As a general rule, an appellate court’s jurisdiction in Pennsylvania extends only to review of final orders. A litigant does have a right, however, to interlocutory appellate review of a collateral order under Pa. R. App. P. 313. A collateral order is one that: (1) is separable from and collateral to the main cause of action; (2) implicates rights that are too important to be denied review; and (3) the appellant’s claim as to that order will be lost if postponed until final judgment.
In Robert Rae and Commonwealth Funeral Consultants, 977 A.2d 1211 (Pa. 2009), the Pennsylvania Supreme Court clarified that it is more precise to think of rulings on collateral issues (and not collateral orders per se) as the things that are immediately appealable as of right. In Rae, the trial court ordered the production of a file over the defendant’s objections that (1) it was protected by the deliberative process privilege and, in any event, (2) was not relevant. The defendant appealed to the Commonwealth Court. (In Pennsylvania, unlike in some federal courts (see discussion of Mohawk supra), an order compelling the production of privileged documents is immediately appealable as a collateral order.) The Commonwealth Court ultimately rejected the defendant’s assertion that the file was privileged.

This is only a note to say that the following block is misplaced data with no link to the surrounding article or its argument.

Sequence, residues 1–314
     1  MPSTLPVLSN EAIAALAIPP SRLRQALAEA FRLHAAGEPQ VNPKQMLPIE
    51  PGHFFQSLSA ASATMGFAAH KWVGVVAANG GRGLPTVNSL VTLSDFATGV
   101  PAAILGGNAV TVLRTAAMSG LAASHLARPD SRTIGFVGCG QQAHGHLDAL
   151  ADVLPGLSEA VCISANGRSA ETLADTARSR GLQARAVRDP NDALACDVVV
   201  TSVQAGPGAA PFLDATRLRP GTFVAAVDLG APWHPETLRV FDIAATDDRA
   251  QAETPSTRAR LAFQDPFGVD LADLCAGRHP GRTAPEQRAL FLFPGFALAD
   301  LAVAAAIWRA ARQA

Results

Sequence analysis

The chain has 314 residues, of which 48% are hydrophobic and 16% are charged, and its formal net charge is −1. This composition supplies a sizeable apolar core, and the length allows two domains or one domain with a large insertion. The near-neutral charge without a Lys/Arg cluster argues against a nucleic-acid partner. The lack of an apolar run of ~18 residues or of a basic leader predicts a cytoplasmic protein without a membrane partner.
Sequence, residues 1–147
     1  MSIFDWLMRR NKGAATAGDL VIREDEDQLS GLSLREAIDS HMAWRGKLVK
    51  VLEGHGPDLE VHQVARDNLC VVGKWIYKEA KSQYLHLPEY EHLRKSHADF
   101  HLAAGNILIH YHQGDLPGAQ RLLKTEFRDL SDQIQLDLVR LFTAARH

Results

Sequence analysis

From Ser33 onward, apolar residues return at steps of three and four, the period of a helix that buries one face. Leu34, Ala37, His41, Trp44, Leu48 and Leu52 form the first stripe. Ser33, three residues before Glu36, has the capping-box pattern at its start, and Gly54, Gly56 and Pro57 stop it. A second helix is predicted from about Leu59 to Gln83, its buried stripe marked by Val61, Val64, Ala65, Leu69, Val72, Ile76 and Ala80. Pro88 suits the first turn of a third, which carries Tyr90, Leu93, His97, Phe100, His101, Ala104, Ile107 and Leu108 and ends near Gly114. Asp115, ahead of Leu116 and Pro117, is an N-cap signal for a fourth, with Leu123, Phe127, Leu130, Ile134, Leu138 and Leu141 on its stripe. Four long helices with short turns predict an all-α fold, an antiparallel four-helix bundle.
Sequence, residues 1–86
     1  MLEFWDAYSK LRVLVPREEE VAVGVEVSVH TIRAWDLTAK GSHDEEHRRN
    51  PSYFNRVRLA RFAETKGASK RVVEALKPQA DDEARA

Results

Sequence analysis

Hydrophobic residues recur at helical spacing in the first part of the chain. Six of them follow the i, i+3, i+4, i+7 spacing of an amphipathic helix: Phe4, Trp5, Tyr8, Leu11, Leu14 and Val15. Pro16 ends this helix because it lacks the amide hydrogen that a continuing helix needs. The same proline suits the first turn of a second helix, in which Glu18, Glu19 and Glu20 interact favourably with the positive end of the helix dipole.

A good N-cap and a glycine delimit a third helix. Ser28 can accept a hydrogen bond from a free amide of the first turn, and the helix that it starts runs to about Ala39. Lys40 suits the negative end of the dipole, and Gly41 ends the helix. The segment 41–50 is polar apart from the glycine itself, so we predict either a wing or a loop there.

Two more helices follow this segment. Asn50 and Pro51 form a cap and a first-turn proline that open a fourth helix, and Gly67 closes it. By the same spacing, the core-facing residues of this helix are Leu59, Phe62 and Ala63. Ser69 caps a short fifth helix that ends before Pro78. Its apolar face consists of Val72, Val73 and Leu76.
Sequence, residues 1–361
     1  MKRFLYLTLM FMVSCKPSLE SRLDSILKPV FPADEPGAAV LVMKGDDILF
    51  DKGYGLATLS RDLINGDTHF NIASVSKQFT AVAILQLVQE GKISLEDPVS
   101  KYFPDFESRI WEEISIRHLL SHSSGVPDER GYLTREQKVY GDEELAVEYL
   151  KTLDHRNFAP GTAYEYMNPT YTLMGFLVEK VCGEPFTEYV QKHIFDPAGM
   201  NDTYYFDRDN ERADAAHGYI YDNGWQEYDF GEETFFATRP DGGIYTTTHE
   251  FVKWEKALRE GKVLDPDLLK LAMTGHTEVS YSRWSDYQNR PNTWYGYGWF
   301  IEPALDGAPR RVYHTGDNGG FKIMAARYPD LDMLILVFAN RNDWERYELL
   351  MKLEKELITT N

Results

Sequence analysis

Rather than ending its review there, however, the court went on to address the relevance of the documents, and concluded that the file was not relevant to plaintiff’s cause of action, and thus, was not discoverable. The Supreme Court reversed, holding that the Commonwealth Court lacked jurisdiction to determine the relevance of the documents on an interlocutory basis. Rather, each prong of the collateral order test must be satisfied as to each legal issue a litigant is asking the appellate court to address on an interlocutory basis. Because there is no statutory right to interlocutory appellate review of a lower court’s determination that documents are (or are not) relevant, the Supreme Court reversed the Commonwealth Court’s ruling on that issue. In doing so, the Court left open the question of whether the collateral order doctrine allows for an exercise of pendent appellate jurisdiction over issues that are “essential to the resolution of” a collateral issue over which the appellate court does have interlocutory jurisdiction.